Raimi continued, “I really think I know in my heart who the character is, and I haven’t quite been able to sing the song yet, or bring it out to the extent or degree of detail that I feel in my heart that I can. And I may not be successful, but I still feel like I know it better than I’m able to play it; I feel like the kid that really practiced at the piano recital, with years of comic books, and when I got to my other recitals, I sometimes made some missteps with them. There’s a whole crowd there and they think that’s as well as I know the piece, but I really do know it a lot better than that and I would like one more chance at that character. The Spider-Man films, I’ve made mistakes, but I really do look at them as things that I’ve learned, and hope that when I apply what I’ve learned to this next one, I really make a film that people enjoy and is really true to the character in a fresh, original way. That’s my goal.”

Alright, Raimi. You get this chance to get this right. It looked like Spider-man 3 was just a joke, and that nobody was taking it seriously since they knew it would make more money than the treasury. It’s one of those films where you sit and wonder how it made through so many steps and alterations and checkpoints where somebody didn’t stop and say, “Well, this is just terrible.” Who thought that was a good idea?! I always imagine Raimi telling Tobey Maguire what to do, and having four people behind him with their face in their palms. What I hope is some coffee boy had the nerve to say, “Mr. Raimi, this is really bad.” Then Raimi got really pissy, but after the movie came out he hired that coffee boy full time for having both courage and the common sense to recognize something that sucks more than God’s vacuum cleaner.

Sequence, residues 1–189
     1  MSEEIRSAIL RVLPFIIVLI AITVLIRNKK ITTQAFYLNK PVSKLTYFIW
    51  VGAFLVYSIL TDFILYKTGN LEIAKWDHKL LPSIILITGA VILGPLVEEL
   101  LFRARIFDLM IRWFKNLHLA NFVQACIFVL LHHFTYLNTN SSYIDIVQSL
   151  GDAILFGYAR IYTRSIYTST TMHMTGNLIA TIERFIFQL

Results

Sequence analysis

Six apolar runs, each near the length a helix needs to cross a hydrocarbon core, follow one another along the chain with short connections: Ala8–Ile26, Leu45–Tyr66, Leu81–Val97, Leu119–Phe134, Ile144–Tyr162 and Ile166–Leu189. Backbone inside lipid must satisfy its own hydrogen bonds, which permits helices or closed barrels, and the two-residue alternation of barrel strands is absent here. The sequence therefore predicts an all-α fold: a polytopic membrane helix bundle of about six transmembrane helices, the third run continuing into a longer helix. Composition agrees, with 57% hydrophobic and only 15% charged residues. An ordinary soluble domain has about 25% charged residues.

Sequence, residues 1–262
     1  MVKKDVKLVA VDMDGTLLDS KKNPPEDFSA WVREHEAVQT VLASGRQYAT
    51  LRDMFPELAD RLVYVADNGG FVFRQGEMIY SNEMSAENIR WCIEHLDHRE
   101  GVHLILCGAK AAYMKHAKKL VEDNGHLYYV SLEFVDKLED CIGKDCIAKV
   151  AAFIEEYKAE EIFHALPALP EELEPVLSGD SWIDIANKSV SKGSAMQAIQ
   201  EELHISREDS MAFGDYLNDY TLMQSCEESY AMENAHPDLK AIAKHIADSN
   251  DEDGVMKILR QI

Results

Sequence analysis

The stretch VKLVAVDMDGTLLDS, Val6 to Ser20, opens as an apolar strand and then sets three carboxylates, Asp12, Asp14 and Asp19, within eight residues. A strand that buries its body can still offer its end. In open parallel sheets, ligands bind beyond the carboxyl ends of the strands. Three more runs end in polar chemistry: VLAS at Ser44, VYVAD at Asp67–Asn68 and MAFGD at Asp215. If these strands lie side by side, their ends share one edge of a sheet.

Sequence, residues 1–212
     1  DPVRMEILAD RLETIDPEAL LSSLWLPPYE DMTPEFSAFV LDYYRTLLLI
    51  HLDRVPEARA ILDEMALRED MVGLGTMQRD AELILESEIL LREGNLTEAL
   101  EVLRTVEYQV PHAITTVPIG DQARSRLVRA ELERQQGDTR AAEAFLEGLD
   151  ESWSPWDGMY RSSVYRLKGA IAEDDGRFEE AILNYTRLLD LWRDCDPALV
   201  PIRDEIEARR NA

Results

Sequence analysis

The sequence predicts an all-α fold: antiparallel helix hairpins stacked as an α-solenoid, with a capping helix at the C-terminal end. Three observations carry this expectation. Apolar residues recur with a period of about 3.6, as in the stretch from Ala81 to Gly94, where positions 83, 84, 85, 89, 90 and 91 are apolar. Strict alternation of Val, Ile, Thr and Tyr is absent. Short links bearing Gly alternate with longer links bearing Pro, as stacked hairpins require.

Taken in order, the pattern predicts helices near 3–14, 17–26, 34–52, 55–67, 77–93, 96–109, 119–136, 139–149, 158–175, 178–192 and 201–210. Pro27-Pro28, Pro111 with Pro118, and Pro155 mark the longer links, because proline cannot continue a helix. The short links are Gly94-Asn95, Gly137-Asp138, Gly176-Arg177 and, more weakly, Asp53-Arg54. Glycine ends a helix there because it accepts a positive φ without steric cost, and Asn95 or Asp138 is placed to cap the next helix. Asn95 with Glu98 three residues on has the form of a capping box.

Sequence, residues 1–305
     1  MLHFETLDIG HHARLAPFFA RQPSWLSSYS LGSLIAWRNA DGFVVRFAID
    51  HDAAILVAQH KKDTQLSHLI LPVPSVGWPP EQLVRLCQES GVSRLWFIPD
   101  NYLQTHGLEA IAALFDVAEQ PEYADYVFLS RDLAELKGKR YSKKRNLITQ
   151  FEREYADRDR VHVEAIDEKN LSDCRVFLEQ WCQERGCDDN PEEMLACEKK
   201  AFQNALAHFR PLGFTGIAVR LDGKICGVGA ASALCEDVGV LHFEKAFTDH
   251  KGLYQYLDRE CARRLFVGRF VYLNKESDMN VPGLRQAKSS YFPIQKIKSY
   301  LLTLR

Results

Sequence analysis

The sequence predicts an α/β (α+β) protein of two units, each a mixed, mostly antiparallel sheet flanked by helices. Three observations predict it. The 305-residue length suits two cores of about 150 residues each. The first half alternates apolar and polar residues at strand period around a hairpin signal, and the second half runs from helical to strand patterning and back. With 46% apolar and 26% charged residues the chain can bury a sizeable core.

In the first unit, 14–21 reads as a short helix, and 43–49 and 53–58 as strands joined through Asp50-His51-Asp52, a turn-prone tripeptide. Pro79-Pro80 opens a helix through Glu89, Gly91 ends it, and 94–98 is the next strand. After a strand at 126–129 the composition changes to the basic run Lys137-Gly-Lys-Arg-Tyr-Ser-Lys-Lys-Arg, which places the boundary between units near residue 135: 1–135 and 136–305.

At least he recognizes his faults. I have to remember that he also Spider-Man 2, so I can’t judge too harshly. I know he has the capability to give us a more serious movie in line with the second in the trilogy. But he had that same capability for 3 and didn’t just miss the mark, he missed the entire hay stack that the target was pinned up on. So this time, please, don’t make Peter Parker dance.

The Top 50 Box Office Performances of 2007

December 31, 2007

     2007 was a great year at the movies, for the industry earned an annual box office revenue of $9.64 billion, up a solid 4.2% over last year’s $9.21 billion.  It should be noted, though, that movie attendance was up just .08%, and ticket sales increased from 1.407 billion to 1.408 billion.  This means that tickets were purchased for an average price of $6.85 in 2007, and the primary factor in the increase in box office revenue is ticket price inflation.  By the way, if you account for inflation, 1937’s Gone With The Wind earned an equivalent $1.4 billion, making it the highest grossing movie of all time! Fast forwarding 70 years, some movies are still having great performances, so here’s a list of 2007’s Top 50 movies, along with a few of my own noteworthy items.